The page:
Lindley, William (DNB01)

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LINDLEY, WILLIAM (1808–1900), civil engineer, son of Joseph Lindley of Heath, Yorkshire, was born in London on 7 Sept. 1808. He was educated at Croydon and in Germany, in which country he was afterwards to make his name as an engineer. In 1827 he became a pupil of Francis Giles, and was chiefly engaged in railway work. He was in 1838 appointed engineer-in-chief to the Hamburg and Bergedorf railway, and it was in the city of Hamburg that the engineering work by which he will be remembered was carried out for the next twenty-two years. He designed and supervised the construction of the Hamburg sewerage and water works, of the drainage and reclamation of the low-lying 'Hammerbrook' district, much of which is now a valuable part of the city, and he drew out the plans for rebuilding the city after the disastrous fire of May 1842. He was in fact responsible for most of the engineering and other works which have changed the ancient Hanseatic city into one of the greatest modern seaports of Europe. His water supply for Hamburg was the first complete system of the kind, now usually adopted on the continent, and his sewerage arrangements contained many principles novel at that time, though since commonly adopted. He left Hamburg in 1860, and in 1865 he was appointed consulting engineer to the city of Frankfort-on-Main. He designed and carried out complete sewerage works for that city. Here again many improvements were for the first time adopted, and this system has become more or less typical for similar works on the continent. He retired from active work in 1879. He joined the Institution of Civil Engineers in 1842, and was for many years a member of the Smeatonian Society of Engineers, becoming president of it in 1864. He died at his residence, 74 Shooter's Hill Road, Blackheath, on 22 May 1900.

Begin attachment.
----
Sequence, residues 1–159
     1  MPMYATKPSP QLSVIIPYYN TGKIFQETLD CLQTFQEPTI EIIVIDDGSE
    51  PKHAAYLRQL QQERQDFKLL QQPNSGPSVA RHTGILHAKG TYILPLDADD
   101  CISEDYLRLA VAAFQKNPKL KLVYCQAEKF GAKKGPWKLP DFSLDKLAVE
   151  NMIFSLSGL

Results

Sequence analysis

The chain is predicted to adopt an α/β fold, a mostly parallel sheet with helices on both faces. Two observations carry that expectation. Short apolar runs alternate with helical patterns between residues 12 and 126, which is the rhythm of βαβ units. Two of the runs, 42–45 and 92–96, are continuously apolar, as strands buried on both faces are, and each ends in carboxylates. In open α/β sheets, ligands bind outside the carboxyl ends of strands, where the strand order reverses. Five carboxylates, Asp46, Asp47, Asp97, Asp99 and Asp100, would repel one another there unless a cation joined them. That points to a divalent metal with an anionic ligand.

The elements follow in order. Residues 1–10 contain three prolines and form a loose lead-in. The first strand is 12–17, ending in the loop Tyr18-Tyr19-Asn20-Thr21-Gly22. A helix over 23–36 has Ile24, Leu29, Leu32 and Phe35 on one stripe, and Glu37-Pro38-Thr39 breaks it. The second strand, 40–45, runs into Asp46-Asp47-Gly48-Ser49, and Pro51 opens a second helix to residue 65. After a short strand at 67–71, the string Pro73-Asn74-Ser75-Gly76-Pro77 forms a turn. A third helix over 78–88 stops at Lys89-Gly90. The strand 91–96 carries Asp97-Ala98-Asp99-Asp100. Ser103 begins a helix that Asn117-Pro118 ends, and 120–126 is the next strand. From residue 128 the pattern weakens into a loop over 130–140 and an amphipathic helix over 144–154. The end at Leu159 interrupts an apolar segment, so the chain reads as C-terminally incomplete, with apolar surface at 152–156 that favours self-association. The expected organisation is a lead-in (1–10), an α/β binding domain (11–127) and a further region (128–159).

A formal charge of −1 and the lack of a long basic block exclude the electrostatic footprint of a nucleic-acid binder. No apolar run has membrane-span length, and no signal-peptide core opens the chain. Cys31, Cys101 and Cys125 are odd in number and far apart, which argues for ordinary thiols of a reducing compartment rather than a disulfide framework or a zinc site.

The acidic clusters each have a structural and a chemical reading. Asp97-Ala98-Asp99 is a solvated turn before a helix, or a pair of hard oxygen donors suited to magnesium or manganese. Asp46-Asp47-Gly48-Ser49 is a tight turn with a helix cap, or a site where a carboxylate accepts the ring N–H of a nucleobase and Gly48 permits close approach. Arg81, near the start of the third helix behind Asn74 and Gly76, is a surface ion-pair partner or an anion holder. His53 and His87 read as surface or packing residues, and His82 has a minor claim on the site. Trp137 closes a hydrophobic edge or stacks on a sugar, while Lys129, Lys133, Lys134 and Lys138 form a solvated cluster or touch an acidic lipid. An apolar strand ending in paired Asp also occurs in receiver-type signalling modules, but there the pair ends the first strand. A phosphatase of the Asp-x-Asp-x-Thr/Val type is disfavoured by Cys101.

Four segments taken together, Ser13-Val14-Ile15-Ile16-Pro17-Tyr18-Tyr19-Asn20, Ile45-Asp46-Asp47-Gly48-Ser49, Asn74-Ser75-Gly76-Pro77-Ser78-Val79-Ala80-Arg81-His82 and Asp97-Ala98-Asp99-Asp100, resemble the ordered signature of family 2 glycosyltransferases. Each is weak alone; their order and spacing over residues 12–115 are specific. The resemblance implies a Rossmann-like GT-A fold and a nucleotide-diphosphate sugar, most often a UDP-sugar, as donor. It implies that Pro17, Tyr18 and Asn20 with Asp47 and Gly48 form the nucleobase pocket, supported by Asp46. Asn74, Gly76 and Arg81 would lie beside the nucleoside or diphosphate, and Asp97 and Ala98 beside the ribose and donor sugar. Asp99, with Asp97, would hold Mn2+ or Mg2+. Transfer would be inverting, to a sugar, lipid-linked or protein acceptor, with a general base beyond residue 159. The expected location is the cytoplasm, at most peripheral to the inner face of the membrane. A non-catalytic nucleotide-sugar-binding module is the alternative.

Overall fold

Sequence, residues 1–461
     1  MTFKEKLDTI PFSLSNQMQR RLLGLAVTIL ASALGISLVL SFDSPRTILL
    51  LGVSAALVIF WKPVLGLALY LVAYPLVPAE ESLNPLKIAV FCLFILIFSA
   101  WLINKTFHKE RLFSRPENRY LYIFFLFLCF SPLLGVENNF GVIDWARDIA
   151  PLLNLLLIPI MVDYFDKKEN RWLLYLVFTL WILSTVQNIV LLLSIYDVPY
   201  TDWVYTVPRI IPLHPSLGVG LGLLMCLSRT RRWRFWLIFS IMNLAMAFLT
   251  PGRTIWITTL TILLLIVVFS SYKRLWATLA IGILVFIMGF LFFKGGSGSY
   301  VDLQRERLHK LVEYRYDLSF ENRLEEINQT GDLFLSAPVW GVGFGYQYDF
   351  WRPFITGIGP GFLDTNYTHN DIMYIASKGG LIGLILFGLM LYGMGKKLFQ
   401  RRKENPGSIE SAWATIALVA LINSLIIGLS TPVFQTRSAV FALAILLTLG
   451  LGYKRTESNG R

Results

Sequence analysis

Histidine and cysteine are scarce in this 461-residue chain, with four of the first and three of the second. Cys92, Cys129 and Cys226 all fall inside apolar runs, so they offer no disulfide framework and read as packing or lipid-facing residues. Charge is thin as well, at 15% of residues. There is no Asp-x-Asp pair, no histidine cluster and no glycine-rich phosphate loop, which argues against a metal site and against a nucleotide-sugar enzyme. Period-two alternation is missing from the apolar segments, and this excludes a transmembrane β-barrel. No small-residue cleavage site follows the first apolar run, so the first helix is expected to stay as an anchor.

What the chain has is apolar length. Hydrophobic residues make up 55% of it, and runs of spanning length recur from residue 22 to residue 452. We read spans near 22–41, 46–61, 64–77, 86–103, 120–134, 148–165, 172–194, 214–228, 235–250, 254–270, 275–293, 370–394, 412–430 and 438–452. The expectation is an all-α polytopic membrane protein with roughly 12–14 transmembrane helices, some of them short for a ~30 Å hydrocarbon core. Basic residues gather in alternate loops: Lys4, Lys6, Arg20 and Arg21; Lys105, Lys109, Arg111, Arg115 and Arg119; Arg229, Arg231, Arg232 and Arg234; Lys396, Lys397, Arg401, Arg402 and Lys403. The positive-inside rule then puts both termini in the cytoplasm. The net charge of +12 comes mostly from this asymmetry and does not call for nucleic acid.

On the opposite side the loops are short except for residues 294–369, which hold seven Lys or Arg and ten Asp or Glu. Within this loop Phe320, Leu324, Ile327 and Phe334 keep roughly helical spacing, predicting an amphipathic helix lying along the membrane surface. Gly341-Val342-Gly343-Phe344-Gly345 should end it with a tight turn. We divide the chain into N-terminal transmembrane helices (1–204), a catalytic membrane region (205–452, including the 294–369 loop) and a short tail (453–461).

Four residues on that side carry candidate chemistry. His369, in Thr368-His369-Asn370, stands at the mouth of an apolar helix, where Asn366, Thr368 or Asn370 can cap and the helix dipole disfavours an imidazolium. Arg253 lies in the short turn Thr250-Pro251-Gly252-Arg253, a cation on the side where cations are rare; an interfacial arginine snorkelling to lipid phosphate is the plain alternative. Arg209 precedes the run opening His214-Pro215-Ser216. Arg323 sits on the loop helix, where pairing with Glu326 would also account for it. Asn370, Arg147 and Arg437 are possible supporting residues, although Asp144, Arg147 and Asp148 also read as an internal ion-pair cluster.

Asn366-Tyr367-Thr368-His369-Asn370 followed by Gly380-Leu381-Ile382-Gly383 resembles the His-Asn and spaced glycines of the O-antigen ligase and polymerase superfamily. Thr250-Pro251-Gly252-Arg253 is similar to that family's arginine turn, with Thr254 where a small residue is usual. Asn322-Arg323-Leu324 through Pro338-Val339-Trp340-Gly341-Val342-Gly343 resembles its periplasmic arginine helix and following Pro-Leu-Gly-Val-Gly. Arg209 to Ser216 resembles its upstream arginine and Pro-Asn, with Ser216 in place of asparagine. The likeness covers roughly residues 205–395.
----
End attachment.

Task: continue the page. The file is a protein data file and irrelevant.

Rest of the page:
[Obituary notices; Proc. Inst. Civil Engineers, cxxxvi.]

T. H. B.